After more than two years of negotiations, the Maryland Historical Society is poised to acquire the former Greyhound bus terminal at Howard and Centre streets. The local landmark figures prominently in the society's $28 million expansion and renovation plan for its Mount Vernon history campus.
Directors say they expect the society to take title later this month to the Art Moderne bus station, which dates from the early 1940s and was transformed to offices after the Greyhound Corp. moved to a different location in 1982.
The building at 601 N. Howard St. will house about 70 employees in the administrative offices of the 155-year-old historical society, which already owns the rest of the block bounded by Monument, Howard and Centre streets and Park Avenue.
The move will free up space in the other buildings so the society can renovate or enlarge them. The expansion is a key component of the revitalization plans for both the Mount Vernon cultural district and Baltimore's west side renewal area.
"The Greyhound terminal was the last portion of the city block not owned by the Maryland Historical Society," said board president Stan Klinefelter.
"With this acquisition, we are now able to move ahead with our master plan and coordinate our expansion."
The society has acquired several other area buildings in recent years, including the former Home Mutual Life building at 100 W. Centre St. and the former Greyhound garage at Park Avenue and Centre Street. Parts of both are now used as public exhibit space.
"We felt it was important for us to have the entire block," said society director Dennis Fiori. "It's important to put all these pieces together."
The society is acquiring the property as a gift from Park Centre Limited Partnership, a group that consists of Struever Brothers, Eccles & Rouse of Baltimore and its investment partner, the Esther M. Mertz Trust of Florida.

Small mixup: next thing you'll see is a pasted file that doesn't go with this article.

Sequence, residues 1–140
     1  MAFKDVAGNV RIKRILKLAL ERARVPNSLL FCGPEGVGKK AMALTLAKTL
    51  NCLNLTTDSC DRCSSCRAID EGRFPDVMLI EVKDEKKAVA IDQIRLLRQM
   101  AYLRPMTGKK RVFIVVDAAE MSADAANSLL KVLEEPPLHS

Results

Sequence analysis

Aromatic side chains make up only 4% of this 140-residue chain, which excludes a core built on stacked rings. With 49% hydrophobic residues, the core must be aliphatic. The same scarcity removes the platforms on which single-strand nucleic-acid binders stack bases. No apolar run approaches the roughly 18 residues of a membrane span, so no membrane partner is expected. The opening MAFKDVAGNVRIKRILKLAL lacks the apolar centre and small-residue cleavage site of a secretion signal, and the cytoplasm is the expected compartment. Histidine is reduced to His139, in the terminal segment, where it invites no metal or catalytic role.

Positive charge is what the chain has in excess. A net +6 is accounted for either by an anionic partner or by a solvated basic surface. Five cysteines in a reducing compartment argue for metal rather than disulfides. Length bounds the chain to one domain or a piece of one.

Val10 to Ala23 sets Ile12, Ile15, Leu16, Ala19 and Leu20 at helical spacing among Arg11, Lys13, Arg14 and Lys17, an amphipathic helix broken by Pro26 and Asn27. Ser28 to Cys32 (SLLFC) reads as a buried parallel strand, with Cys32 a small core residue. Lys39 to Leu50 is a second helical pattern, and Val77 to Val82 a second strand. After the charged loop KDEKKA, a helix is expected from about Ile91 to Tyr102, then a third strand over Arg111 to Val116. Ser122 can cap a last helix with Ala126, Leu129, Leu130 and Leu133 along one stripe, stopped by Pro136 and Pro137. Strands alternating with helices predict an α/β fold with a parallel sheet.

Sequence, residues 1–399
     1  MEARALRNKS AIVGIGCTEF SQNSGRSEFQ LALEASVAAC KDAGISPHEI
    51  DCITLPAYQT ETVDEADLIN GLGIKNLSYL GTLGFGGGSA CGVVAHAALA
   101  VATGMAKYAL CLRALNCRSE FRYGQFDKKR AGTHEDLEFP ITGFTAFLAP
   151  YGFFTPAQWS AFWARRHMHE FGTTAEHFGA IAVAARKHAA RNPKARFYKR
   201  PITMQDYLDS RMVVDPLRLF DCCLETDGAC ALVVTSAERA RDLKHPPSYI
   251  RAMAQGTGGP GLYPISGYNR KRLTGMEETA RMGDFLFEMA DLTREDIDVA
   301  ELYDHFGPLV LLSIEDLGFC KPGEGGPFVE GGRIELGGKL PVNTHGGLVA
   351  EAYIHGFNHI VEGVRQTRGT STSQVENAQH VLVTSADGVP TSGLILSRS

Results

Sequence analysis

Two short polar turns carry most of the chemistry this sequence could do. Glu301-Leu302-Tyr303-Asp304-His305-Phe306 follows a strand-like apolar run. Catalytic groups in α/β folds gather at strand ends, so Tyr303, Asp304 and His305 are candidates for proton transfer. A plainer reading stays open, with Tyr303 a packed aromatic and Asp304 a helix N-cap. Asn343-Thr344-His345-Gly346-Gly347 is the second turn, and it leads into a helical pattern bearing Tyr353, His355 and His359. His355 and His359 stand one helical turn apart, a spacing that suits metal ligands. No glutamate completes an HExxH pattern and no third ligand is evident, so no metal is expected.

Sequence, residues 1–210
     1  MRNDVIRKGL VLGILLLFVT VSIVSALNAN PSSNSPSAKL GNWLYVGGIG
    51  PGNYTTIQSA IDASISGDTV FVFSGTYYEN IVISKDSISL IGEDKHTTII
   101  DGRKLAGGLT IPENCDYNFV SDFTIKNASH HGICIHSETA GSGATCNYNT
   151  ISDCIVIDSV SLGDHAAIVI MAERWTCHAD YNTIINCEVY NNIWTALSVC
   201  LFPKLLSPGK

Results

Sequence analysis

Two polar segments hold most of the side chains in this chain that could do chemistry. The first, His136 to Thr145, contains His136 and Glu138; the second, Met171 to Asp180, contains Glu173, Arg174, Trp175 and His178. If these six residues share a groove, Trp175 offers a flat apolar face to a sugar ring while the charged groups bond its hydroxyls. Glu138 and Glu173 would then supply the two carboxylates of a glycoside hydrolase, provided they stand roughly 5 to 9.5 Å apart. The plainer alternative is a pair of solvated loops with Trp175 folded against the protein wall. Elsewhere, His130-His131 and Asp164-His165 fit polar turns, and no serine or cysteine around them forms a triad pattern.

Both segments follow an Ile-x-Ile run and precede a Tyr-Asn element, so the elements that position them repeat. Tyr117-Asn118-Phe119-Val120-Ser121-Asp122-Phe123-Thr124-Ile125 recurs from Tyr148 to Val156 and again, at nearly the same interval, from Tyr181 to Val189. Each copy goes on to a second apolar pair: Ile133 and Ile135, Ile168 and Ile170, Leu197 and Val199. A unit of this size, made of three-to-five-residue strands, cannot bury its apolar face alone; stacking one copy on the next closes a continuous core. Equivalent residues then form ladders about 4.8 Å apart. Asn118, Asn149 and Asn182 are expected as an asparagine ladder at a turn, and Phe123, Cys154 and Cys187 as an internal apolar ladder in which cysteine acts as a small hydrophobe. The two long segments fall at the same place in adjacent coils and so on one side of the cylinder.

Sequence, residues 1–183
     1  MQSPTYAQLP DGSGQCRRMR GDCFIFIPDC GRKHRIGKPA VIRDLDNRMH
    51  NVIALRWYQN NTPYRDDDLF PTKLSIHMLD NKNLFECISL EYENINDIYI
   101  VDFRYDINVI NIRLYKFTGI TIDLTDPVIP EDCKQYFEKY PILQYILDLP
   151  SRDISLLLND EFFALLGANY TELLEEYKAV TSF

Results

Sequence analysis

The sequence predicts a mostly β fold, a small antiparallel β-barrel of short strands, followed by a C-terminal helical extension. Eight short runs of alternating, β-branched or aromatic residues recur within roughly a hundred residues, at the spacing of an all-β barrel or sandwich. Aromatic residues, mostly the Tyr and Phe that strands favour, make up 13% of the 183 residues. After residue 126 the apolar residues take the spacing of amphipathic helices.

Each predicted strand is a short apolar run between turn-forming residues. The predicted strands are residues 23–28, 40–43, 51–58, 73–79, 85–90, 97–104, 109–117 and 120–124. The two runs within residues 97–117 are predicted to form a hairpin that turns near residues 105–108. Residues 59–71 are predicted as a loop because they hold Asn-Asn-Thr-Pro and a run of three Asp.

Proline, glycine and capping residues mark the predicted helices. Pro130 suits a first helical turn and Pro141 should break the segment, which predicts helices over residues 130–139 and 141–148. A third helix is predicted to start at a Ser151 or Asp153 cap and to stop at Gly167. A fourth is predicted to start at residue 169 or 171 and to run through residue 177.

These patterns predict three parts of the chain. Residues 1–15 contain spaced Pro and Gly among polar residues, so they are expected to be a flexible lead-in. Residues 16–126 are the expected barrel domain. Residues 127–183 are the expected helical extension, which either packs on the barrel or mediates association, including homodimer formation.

Partner Bill Struever said his group was donating the building with the understanding that the society would assume the mortgage on the property.
"It made sense in terms of giving the historical society the ability to complete the block, which they have great uses for," Struever said.
"It also seemed like a good step for the west side. The historical society, with its expansion plans, is a good anchor for the north end of the west side" renewal area.
Established in 1844 to collect, preserve and exhibit objects and materials that embody Maryland's history, the society increased its holdings significantly three years ago by taking over the collection of the Baltimore City Life Museums.
The growth of the society's collections, in turn, has led to the need for more and better space for its staff and artifacts.
Acquisition of the bus station enables the society to respond to its space needs while minimizing the amount of new construction, Fiori explained.
"One of the reasons we're excited is that it serves our office needs very well," he said. "It has a library, meeting room and offices, and it's pretty much in move-in condition."
It also gives the society a greater presence on Maryland's central light rail line.
The society is working with the Mass Transit Administration to have the stop at Howard and Centre streets renamed to indicate that it is a gateway to the Mount Vernon cultural district, Fiori said.
Recent tenants of the converted Greyhound terminal include the Maryland State Arts Council, the Maryland State Humanities Council, the Contemporary Museum and the Baltimore Metropolitan Council. The Contemporary and the humanities council already have moved to new locations, and the rest are expected to move out over the next six months.
Once the society moves its administrative offices to the Greyhound building, it will begin renovations of several buildings along Monument Street, as well as construction of a new "connector" building along Park Avenue.
These projects will provide new public spaces, including areas for exhibitions and educational programs and expansion of the society's library.
Ziger Snead Inc. is the society's architect.
Fiori said the society hopes to break ground by next June on the next major phases of expansion and to complete the bulk of the work by the end of 2002.
Through gift and pledges, he said, it already has raised about $23 million of the $28 million it needs, a figure that includes $18 million for construction and $10 million for an endowment.